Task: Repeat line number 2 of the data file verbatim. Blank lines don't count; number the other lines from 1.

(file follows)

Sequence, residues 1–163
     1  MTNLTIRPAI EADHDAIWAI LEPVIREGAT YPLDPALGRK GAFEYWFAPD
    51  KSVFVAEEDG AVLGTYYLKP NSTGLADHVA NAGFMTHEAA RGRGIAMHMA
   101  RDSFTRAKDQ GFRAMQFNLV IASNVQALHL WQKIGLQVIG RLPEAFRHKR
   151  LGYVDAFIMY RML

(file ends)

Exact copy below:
     1  MTNLTIRPAI EADHDAIWAI LEPVIREGAT YPLDPALGRK GAFEYWFAPD